6. 6. Youth, Revolt, Recognition. The Young Generation during and after the „Arab Spring“. Berlin 2015: Mediterranean Institute Berlin (MIB)/Humboldt University Berlin, edited volume by Isabel Schäfer. 19 entering the transitional phase into adulthood, as they cannot marry or even move out of their parents’ home without a fixed income.47 This brings us to the final categorization of the Arab youth as an independent, constructed identity. Floris asserts that the youth in the Tunisian society ‘were in a position of “sub-citizens,” which explains why the first word to be chanted at demonstrations was “dignity”’.48 The feeling of disaffection within this large youth segment was undoubtedly aggravated by the failure of the government to appropriately deal with the difficulties they faced. This failure can be largely affiliated to state corruption, repression, lack of investment in the underdeveloped central and western regions of the country, and an education system that did not provide young people with the skills required for the few employment opportunities available.49 Three years after the revolution, Tunisia’s unemployment rate has risen to 42% among young people,50 indicating that the socio- economic problems facing them still remain. Although the circumstances that led to the Arab Spring cannot be simplified into one single issue, it is clear that the youth, frustrated with the difficulties directly affecting them and desiring a change from this ‘sub-citizen’ existence, were at the heart of the movement. Youth representation in Tunisian politics The following section considers the extent to which the youth in Tunisia achieved the changes that they strove for. When regarding the level of satisfaction with politics, one of the first questions to ask is whether young people feel represented by the politicians in power, or simply whether they are being heard. In this regard, it seems that not much has changed. According to a poll conducted by the Al Jazeera Studies Centre in 2013, 81% of young people (17-31) do not feel represented by the Constituent Assembly, and only 14% claim that the revolution has been a success.51 Tunisia Live, a news website created by a group of young Tunisians in the aftermath of the Tunisian Revolution, reported that in the 2011 parliamentary elections, only 17% of Tunisia’s youth (aged 18 to 25) registered to vote.52 Alarmingly, out of those who did vote in the 2011 election, 14% said they would not vote again.53 Sarah Dickson’s article on voter trend in Tunisia deals with the puzzling question of why some young people ‘seem to have “given up” on the effectiveness of voting’,54 despite expressing an interest in political change. The interviews she conducted reveal a wide array of political opinions, but one unifying trend: although most young people were uninvolved in politics before the revolution, they have now become extremely interested in political developments.55 47 Murphy, “Problematizing Arab Youth”, 10. 48 Floris, “Youth, those Anti-Heroes of the Arab Spring”, 2. 49 "Youth and the Tunisian Revolution." Conflict prevention and peace forum (2011): 12. Accessed March 9, 2014. http://webarchive.ssrc.org/pdfs/Alcinda_Honwana,_Youth_and_the_Tunisian_Revolution,_September_2011- CPPF_policy%20paper.pdf 50 Ulandssekretariatet. "Tunisia - Labour Market Profile 2013." Accessed March 9, 2014. http://www.ulandssekretariatet.dk/sites/default/files/uploads/public/PDF/LMP/tunisia_2013_final_web.pdf. 51 World Bulletin. "Arab youth feel alienated from politics." Accessed March 9, 2014. http://www.worldbulletin.net/?aType=haber&ArticleID=114200. 52 Tunisia Live. "Tunisian Youth: Between Political Exclusion and Civic Engagement." Accessed March 9, 2014. http://www.tunisia- live.net/2013/06/14/tunisian-youth-between-political-exclusion-and-civic-engagement/#sthash.8tWkIcpI.dpuf. 53 Dickson, Sarah. "To Vote or Not to Vote: Youth Political Agency in Post-Revolutionary Tunisia." Independent Study Project (ISP) Collection 4, no. 1 (2013): 8. 54 Dickson, "To Vote or Not to Vote", 2. 55 Dickson, "To Vote or Not to Vote", 13.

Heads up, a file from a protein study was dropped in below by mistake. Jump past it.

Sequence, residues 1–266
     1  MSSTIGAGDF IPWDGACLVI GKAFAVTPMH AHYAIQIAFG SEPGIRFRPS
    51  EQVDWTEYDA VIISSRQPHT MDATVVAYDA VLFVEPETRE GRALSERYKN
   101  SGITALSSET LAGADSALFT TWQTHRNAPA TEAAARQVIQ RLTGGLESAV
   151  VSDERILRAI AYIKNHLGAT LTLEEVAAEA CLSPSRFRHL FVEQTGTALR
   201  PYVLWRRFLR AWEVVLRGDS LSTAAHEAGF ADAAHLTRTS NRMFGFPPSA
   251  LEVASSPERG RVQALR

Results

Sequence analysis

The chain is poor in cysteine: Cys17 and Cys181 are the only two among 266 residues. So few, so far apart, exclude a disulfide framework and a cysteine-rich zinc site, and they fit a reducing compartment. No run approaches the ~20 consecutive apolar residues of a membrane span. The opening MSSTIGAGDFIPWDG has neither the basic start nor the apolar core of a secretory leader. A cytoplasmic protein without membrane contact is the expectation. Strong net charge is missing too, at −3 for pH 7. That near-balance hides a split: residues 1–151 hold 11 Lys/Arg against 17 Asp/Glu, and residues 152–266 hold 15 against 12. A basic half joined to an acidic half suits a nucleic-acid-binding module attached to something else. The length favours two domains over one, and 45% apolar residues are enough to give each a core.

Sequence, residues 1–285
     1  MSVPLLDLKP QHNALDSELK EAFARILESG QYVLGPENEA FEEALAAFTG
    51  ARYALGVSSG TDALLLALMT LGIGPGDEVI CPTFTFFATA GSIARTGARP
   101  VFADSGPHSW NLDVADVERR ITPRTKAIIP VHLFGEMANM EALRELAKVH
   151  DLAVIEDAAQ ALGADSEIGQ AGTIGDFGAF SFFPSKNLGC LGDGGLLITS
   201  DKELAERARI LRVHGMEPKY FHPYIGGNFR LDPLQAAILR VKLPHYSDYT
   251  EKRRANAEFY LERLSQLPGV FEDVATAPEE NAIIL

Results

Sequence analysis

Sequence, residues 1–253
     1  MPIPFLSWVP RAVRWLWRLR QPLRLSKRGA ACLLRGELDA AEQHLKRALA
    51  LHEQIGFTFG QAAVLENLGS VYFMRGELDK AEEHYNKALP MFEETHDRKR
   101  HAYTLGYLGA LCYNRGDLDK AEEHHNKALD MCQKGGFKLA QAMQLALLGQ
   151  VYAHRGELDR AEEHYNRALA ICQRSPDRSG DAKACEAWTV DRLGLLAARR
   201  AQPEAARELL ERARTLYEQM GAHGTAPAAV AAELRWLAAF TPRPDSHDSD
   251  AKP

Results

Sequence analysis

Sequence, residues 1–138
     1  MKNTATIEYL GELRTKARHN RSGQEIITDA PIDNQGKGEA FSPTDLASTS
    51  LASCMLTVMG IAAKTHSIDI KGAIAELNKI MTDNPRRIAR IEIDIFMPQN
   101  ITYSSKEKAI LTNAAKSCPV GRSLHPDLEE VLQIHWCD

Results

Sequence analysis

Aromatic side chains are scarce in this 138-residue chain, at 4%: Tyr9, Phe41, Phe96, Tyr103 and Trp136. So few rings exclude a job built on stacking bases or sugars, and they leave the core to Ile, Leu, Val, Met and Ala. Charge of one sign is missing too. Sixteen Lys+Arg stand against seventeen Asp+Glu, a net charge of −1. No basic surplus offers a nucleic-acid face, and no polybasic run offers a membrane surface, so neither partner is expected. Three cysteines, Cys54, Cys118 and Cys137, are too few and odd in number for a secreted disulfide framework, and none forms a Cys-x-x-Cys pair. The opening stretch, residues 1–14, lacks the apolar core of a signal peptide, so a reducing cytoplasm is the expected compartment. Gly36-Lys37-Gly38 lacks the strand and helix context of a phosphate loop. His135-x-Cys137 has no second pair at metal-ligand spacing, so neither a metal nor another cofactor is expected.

7. 7. Youth, Revolt, Recognition. The Young Generation during and after the „Arab Spring“. Berlin 2015: Mediterranean Institute Berlin (MIB)/Humboldt University Berlin, edited volume by Isabel Schäfer. 20 The disengagement from voting among the youth can be attributed to many factors, one of which is the persisting distrust of political parties and the political system in general.56 Many were dissatisfied with the election results of 2011, and complained that the new government showed similar problems to the regime under Ben Ali. The fact that around a quarter of National Constituent Assembly (NCA) members switched party affiliations since they were elected only serves to worsen the situation.57 Furthermore, a consensus on what a democracy entails is still lacking in Tunisia; according to Dickson, a period of ‘political learning’ is required in order to transition to a long-lasting democratic system, but young Tunisians have not yet developed a ‘collective sense of democratic values.’58 Some young people even question how they can feel represented when many parties are still led by significantly older politicians.59 Beji Caid Essebsi, leader of the secular party Nidaa Tounes is 88 years old, much older than the Tunisian life expectancy of 74, and was elected President in December 2014.60 Youth involvement in traditional politics Since much of the youth in Tunisia disapprove of the politicians in power, it is interesting to analyse the involvement of young people in traditional politics, i.e. as active policy makers. The National Constituent Assembly (NCA) is taken as an example here, as it was the first legislative body drafting policies and the new constitution after the Tunisian revolution. Out of 217 members of the NCA, 9 were under 30 (4%), while the vast majority were over 50 (76%).61 These numbers are not entirely surprising, since an analysis of age structure of constituent representatives in many Western countries might reveal similarly low numbers of young people. What makes these figures a cause for concern is the aforementioned demographic youth ‘bulge. Considering that such a large proportion of the population is under 30, and this segment of society is arguably suffering the most from the current economical and political climate, it is worrisome that they only represent 4% of the NCA. However, many young people show no interest in being politicians themselves, or even being affiliated with political parties. From those who did join a party after the revolution, many withdrew after elections because they were disappointed with the strategies of these parties and the lack of cohesion and collaboration of ideas, especially between the younger and the older members. Young people interviewed by Tunisia Live claimed that belonging to a political party means committing to speak in the name of the party, which takes away the freedom to act or express personal opinions.62 Few young people hold decision-making positions due to lack of political experience; and yet they are consistently denied opportunities to gain this experience. The new institution responsible for organizing and supervising the elections, Instance Supérieure Indépendante pour les Eléctions (ISIE), has been described as the authority responsible for ‘ensuring democratic, free, pluralistic, fair and 56 Dickson, "To Vote or Not to Vote", 5. 57 Tunisia Live. "'Political Tourism' in the NCA: No Passport Necessary." Accessed March 9, 2014. http://www.tunisia- live.net/2013/07/03/political-tourism-all-the-rage-in-the-nca/ 58 Dickson, "To Vote or Not to Vote", 10. 59 Tunisia Live. "Tunisian Youth: Between Political Exclusion and Civic Engagement." Accessed March 9, 2014. http://www.tunisia- live.net/2013/06/14/tunisian-youth-between-political-exclusion-and-civic-engagement/#sthash.8tWkIcpI.dpuf 60 Washington Post. "An interview with Tunisia’s Beji Caid Essebsi". Accessed March 9, 2014. http://www.washingtonpost.com/opinions/an-interview-with-tunisias-beji-caid-essebsi-leading-voice-of-the-secular- opposition/2013/12/12/f40f6690-6344-11e3-aa81-e1dab1360323_story.html. 61 Marsad. "L'Assemblée." Accessed March 9, 2014. http://www.marsad.tn/fr/assemblee. 62 Tunisia Live. "Tunisian Youth: Between Political Exclusion and Civic Engagement." Accessed March 9, 2014. http://www.tunisia- live.net/2013/06/14/tunisian-youth-between-political-exclusion-and-civic-engagement/#sthash.8tWkIcpI.dpuf